We have a choice. Our world is filled with messages but we decide what messages we allow ourselves to be exposed to and shaped by. And the choice we must make as followers of Christ is to immerse ourselves in the word of God.
It is not so much that we must shield ourselves from every message in the world but that we must top load with scripture, worship, prayer, listening and fellowship. When we do this, when the word of God becomes the dominant message in our lives, then we allow the Holy Spirit free reign to use the word of God as the filter through which all other messages flow.
A friend of mine once shared the story of his interaction with an older saint. He was worrying about raising his children in an increasingly secular world to which this older sister in Christ told him, "Honey, just make sure that the melody of Jesus is strong in their hearts. Then everything of this world will sound off pitch and ugly."
The Melody of Jesus
One of the primary ways that we can develop the melody of Jesus in our hearts is by immersing ourselves in the story of Jesus.
As we daily spend time in God's word, reading it and identifying the ways in which God is inviting us to respond to it, the word will shape us. And as we progressively spend more and more time reading and interacting with the word, we grow in maturity.
In an article I was recently reading about movement catalyst Ying Kai, the author shared the story of one of Ying's disciples:
"One old farmer who had never before planted a church started twelve house churches in two months and 110 in the first year. He began every day reading his Bible from 5 a.m. to 7 a.m. Then he worked in the fields until 5 p.m., at which point he went home for dinner and family time. At 7 p.m. he went back out again, and he worked in “God’s fields” until midnight."
This man was immersing himself daily in God's word!
A Plan of Action
I have found a number of tools that help me to move toward a life of immersion in the word of God. There are others of course but these are ways I've learned to live in an immersive and interactive relationship with God's word.
These tools work toward reading 3-5 chapters of the Bible every day. You may need to work toward that - we crawl before we walk - but do get started!
The basic idea is to read large chunks of scripture daily, asking the Holy Spirit to reveal things that He is wanting you to hear, apply to your life and share with others.
Then take time to write down your observation, how you'll apply what your learning and who you can share your insights with that day.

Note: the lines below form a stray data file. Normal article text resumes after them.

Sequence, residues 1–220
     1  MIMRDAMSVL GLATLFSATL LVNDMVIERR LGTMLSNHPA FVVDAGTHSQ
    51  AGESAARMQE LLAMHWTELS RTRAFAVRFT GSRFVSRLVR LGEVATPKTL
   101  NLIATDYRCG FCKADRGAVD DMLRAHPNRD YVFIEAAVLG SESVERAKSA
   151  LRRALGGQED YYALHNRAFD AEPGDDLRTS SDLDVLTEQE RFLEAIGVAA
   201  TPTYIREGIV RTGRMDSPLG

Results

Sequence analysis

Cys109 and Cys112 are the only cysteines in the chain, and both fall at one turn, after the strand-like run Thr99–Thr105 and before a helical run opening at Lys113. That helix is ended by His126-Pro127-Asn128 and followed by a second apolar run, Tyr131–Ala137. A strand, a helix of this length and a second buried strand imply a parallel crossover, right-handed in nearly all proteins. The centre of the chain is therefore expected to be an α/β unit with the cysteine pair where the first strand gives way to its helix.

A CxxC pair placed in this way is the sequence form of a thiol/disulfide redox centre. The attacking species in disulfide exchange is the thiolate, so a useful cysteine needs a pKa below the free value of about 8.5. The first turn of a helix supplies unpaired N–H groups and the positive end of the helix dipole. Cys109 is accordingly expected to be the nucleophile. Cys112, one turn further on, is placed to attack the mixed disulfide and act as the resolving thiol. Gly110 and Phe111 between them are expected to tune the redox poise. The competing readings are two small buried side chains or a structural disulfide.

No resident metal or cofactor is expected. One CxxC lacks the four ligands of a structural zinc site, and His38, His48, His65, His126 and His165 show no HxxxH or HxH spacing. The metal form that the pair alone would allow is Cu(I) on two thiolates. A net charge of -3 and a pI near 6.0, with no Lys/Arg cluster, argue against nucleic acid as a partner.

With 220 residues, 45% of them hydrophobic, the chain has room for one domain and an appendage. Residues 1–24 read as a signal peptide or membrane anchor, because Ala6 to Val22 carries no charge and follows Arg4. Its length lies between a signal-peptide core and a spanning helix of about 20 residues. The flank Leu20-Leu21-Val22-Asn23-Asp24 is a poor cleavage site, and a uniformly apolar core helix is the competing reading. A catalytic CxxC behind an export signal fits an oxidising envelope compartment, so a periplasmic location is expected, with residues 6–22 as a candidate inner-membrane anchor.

Journaling about these things creates a deeper interaction with the scriptures and a way to record what you are learning from the Lord through the word of God.
Sharing with others drives lessons even deeper, allows you to encourage fellow followers of Jesus and have gospel conversations with those far from God.
Two Helpful Tools
For the word of God is alive and active. Sharper than any double-edged sword, it penetrates even to dividing soul and spirit, joints and marrow; it judges the thoughts and attitudes of the heart.
Everyone is being discipled by something.
All the time.
The messages we hear, the words we read, the shows we watch - all of it is shaping us. Drip by drip our worldviews and beliefs are being formed and these shape the way we think and the actions that we take.
The dominant messages in our lives will shape us. There is no way around that. If we listen to talk radio all day long, guess what - we will begin to think and process our world through a lens shaped by the message of the radio shows we listen to.
If we watch prime time television and late night talk shows daily, guess what - we will begin to think and process our world through a lens shaped by the messages of the shows we watch.
What we watch, listen to and read are all shaping us.
We have no power over the shaping but we do have the power to chose what will shape us.
Finally, brothers, whatever is true, whatever is honorable, whatever is just, whatever is pure, whatever is lovely, whatever is commendable, if there is any excellence, if there is anything worthy of praise, think about these things.
What is shaping you?
Persecution is a reality that most Christians around the world face on a daily basis. It was part of the experience of the first followers of Jesus. He regularly warned his followers that they would face persecution.